The First Graham Tractor

Despite popular belief, the Graham-Bradley wasn’t the first attempt at a tractor for the Graham brothers.

| December 2018

  • Graham-Bradley tractor
    A 1938-39 Graham-Bradley tractor.
    Photo by Sam Moore
  • Graham Brothers truck ad
    A 1928 Graham Brothers truck ad in which 1- to 3-ton models are listed at prices ranging from $665 to $1,845.
    Farm Collector archives
  • Graham motor cultivator
    The Graham motor cultivator at work in check-row planted corn.
    Farm Collector archives
  • Graham Bros. tractors
    Three photographs showing three views of the Graham Bros. 15-30 tractor pulling a 3-bottom plow in sod. The rear starting crank can be seen in the 3/4 rear view.  
    Farm Collector archives
  • Graham tractor engine
    This 1923 patent (No. 1,455,394) shows a rear-mounted crank for starting the Graham tractor’s engine. 
    Farm Collector archives

  • Graham-Bradley tractor
  • Graham Brothers truck ad
  • Graham motor cultivator
  • Graham Bros. tractors
  • Graham tractor engine

Almost everyone in the antique tractor hobby is familiar with the sleek, streamlined farm tractors built by Graham-Paige Motors in 1938-39, and sold through Sears Farm Stores as Graham-Bradleys. The Graham-Bradley wasn't the first tractor venture for either Sears or Graham, however. This story is about the Graham brothers' first fling at building a tractor.

The three Graham brothers — Joseph (1882-1970), Robert (1885-1967) and Ray (1887-1932) — were born to a prosperous farmer and businessman in Washington, the county seat of Daviess County in the far southwestern part of Indiana.

As a young man fresh out of college, Joseph, with his father's help, bought a glass bottle and jar factory. He was later joined by his brothers, and the three turned Graham Glass Co. into a profitable concern. Ray Graham was also heavily involved in the Grahams' nearly 1,500-acre farm and felt a better way than wagons and teams was needed to transport farm goods. He began to experiment with ways to transform the ubiquitous Model T Ford flivver into a serviceable truck.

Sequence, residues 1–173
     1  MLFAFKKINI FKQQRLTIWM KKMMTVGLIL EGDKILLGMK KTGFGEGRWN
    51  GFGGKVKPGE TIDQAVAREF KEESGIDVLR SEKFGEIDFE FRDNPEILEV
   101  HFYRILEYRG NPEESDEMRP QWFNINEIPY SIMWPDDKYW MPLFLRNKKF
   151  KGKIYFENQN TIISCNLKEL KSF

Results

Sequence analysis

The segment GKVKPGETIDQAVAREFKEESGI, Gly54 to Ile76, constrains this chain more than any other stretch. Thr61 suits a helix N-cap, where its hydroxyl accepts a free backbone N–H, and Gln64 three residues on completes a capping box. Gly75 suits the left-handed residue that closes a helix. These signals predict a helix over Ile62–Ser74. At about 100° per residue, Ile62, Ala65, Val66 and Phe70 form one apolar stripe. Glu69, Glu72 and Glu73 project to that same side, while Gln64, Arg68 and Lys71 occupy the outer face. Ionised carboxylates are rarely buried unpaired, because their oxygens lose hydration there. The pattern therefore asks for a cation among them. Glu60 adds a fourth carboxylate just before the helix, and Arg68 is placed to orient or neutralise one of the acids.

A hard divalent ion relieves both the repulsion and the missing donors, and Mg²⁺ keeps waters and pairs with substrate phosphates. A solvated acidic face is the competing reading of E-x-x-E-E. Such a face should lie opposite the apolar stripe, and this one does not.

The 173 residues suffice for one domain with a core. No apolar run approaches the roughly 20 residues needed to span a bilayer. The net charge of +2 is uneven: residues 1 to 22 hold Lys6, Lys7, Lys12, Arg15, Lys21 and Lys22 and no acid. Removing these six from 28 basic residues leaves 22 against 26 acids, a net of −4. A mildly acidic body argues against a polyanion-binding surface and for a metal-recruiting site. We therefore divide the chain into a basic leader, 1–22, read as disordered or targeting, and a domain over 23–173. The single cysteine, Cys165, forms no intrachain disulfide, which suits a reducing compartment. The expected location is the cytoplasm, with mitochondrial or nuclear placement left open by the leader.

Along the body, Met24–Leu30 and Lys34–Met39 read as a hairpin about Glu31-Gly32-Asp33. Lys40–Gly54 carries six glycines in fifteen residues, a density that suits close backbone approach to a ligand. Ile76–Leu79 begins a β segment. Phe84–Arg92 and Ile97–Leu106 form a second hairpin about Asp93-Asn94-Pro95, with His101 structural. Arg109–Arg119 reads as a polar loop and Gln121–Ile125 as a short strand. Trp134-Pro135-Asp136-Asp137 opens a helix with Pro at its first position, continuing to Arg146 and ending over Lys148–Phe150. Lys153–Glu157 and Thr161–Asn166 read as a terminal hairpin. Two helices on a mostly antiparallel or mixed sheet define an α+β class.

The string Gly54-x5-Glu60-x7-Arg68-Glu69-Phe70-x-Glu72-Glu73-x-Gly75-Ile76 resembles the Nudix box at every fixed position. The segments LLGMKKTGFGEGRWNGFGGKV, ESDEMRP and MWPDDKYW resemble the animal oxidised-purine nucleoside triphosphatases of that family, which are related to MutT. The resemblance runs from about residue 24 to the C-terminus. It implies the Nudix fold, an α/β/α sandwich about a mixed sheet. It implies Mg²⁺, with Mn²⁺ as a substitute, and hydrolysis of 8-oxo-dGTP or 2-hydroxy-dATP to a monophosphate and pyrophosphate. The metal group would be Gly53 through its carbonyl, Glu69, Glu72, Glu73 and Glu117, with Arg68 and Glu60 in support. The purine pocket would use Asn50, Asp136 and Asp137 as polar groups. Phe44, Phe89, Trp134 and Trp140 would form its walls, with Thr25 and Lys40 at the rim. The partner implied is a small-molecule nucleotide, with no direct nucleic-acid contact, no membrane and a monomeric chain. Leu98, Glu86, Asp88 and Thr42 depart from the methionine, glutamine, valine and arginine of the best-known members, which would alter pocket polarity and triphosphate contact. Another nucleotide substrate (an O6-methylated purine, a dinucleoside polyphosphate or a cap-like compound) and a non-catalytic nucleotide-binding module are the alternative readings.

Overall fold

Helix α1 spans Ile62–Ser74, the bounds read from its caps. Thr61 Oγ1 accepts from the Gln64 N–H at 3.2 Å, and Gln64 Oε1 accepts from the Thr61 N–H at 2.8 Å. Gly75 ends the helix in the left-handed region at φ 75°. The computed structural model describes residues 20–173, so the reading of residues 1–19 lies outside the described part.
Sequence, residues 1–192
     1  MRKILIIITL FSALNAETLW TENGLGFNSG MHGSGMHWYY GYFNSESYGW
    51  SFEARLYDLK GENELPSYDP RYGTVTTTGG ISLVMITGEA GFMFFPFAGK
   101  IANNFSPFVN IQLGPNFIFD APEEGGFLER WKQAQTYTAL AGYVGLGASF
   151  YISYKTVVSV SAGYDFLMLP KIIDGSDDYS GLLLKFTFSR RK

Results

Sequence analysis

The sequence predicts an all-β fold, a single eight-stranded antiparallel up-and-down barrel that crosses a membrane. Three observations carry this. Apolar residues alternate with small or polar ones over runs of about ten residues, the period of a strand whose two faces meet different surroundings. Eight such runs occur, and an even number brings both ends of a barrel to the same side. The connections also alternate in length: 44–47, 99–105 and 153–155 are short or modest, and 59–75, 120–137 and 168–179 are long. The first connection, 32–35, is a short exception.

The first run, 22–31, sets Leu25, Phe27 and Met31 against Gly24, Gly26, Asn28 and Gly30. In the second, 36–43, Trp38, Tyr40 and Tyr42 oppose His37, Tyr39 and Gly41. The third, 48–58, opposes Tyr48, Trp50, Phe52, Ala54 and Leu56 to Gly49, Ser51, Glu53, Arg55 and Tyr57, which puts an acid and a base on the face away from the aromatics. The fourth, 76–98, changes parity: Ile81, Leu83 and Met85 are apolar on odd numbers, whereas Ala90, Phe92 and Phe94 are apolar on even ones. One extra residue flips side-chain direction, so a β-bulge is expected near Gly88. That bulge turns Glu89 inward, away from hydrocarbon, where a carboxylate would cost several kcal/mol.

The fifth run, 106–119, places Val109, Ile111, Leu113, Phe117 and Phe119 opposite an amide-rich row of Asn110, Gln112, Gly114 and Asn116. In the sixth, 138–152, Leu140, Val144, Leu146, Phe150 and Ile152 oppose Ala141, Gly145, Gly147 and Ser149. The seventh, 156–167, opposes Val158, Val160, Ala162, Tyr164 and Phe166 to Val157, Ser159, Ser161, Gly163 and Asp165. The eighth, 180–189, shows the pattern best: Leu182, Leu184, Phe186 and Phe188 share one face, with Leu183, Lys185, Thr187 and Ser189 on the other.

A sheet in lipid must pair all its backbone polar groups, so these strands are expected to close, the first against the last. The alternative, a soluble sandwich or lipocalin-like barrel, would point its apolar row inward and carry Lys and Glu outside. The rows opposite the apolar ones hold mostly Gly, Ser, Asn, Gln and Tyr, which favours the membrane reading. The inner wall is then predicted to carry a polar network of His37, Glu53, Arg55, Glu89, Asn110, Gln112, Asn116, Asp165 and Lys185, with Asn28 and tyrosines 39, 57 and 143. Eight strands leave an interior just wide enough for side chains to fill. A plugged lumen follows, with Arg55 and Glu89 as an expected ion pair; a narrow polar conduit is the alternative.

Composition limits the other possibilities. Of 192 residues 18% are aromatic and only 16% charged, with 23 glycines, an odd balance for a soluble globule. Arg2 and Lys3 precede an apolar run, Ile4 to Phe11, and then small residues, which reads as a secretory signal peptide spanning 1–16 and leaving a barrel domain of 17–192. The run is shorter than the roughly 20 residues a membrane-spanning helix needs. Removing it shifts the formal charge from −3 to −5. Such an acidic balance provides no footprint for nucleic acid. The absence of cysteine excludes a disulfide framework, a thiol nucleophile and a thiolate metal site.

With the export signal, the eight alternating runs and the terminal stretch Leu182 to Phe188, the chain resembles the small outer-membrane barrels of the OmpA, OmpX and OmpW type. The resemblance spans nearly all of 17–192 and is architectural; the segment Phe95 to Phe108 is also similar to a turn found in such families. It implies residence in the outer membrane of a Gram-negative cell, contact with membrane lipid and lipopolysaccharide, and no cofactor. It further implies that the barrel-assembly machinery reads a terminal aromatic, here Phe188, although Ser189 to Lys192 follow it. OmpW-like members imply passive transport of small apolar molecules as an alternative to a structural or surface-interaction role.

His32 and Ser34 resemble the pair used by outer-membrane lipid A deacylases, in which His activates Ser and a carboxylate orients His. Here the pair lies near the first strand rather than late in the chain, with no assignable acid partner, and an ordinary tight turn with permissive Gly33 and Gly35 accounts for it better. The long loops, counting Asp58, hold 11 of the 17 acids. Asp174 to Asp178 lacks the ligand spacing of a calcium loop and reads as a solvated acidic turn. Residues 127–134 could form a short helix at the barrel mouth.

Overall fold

The resulting Graham Bros. truck attachment was an immediate success and demand was heavy, so options were expanded to include kits for most makes of cars then on the market. World War I increased the demand and Graham became the largest truck attachment builder in the country.



Debut of the Graham tractor leads nowhere

Before the war, Ray Graham had been involved with Evansville's Hercules Buggy Co., which supplied Sears, Roebuck and Co. with buggies, gas engines and bodies for the Sears Motor Buggy, and which developed a 3-wheeled farm tractor in 1915. The tractor, which may have been tested on the Graham farm, had a single rear-drive wheel steered by two small wheels at the front. The Hercules tractor never materialized, but Ray began to push developmental work on a Graham farm tractor, and the engineering department, under George Dunham, worked on it for several years.

While there is no evidence that the Graham tractor ever went into production, several must have been built, as records show that the 3-plow machine was extensively tested on the Graham farm, as well as on that of "Senator Bourne at Mobile, Alabama, and at farms where various soil conditions were present." In addition, a photo exists of a Graham tractor on exhibit at the Centennial Exposition and Central States Tractor Show in 1919 at Evansville, Indiana.



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